The massage itself was fine—not the best we’ve had but not the worst. We had signed up for a Nusta Calm massage, and the therapist had a somewhat unorthodox style: She spent more time than we liked on the base of our skull and neck, and although she was completely professional, her strokes ranged closer than we normally experience to private areas of the body. (Most therapists tuck a blanket firmly under your leg for the most privacy, but the draping in this case seemed a bit loose—and our tester, who has had many massages, isn’t that prudish.)

While the massage was soothing, it was 50 minutes—not 60 as so many others we tested were—so it felt a bit short. And it’s not as if the abbreviated time came with a drop in price: The 50-minute rubdown was $105, which is more than we paid for some hourlong massages.

Over the years, we’ve visited Nusta many times. We’ve had decent manicures and pedicures—although, again, the prices are high ($80 for an 80-minute Signature Pedicure, $60 for a 50-minute Pure Pedicure, $55 for a 50-minute signature manicure, $35 for 30 minutes). We’ve also tried the Interpretive Touch massage with owner Brad Drummer—a pricey service ($220 for 50 minutes) that claims to be as therapeutic as a deep-tissue massage without pummeling muscles. If you like traditional massage, you won’t like the unusual techniques used here. Although it did work for us, we weren’t tempted again, given the price.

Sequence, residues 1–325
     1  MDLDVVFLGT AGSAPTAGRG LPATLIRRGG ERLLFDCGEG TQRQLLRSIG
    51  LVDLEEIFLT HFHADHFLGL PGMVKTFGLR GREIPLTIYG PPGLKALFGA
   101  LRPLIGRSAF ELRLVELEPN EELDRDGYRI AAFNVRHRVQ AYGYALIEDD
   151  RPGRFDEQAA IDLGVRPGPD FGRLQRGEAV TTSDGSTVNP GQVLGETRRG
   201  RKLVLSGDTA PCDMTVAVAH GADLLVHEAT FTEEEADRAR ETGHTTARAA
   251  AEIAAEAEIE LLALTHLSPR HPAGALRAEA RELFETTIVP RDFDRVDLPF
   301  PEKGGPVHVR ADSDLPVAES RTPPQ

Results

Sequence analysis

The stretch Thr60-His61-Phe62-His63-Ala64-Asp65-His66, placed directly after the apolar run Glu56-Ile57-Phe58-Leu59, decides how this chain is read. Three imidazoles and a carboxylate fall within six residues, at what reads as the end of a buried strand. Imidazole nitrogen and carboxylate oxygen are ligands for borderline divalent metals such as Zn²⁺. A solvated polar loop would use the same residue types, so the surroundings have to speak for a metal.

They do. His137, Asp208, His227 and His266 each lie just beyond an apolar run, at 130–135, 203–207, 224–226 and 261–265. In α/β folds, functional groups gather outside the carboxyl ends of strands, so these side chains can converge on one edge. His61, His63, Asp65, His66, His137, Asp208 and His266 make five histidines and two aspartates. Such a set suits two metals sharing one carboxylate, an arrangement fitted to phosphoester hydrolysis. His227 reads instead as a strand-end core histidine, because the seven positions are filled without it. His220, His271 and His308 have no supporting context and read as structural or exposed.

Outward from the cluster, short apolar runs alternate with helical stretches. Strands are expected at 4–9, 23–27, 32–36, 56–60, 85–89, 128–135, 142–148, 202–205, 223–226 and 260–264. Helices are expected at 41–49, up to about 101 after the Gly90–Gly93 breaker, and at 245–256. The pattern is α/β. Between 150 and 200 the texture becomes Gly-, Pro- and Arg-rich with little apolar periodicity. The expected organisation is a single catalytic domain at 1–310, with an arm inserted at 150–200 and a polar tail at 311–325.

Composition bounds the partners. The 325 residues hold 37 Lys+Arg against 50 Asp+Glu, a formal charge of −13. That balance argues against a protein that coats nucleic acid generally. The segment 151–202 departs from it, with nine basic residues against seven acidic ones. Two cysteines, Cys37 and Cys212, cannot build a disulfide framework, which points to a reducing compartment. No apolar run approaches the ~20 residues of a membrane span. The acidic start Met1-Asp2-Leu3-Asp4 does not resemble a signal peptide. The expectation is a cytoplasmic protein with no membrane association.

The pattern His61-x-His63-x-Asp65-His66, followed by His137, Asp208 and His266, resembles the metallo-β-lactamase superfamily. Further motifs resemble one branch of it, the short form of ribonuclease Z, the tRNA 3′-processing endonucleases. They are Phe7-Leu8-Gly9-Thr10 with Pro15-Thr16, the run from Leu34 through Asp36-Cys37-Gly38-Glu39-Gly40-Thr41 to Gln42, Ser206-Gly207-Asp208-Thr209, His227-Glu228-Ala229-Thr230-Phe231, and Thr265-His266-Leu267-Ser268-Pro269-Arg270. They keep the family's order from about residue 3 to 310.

The bottom line on everything we’ve tried: The services seem a bit overpriced, but that’s no doubt a factor of its prime downtown location. If money is no object, if you love eco-friendly businesses, and if you work nearby (and can walk over—because there’s no parking), this is a decent urban spa with space to spread out—not always easy to find.

Of note: The spa is recommended for eyelash extensions—Titi Lee Dawodu is an expert at giving you full lashes that look real.

Online booking? Yes.

Blue Heron Wellness

10723-B Columbia Pike, Silver Spring; 301-754-3730.

This center’s unpretentious decor belies the serious attention paid to all aspects of wellness. Blue Heron offers herbal skin care, such as vitamin C facial infusion treatments, herbal-medicine consultations, acupuncture, massage therapy, and fitness classes.

Massage therapist Jessica Parks used her forearms as much as her hands in long strokes to find trigger points that needed additional work. John Cox also earns raves for deep-tissue massage—the pressure always remained just below the pain threshold.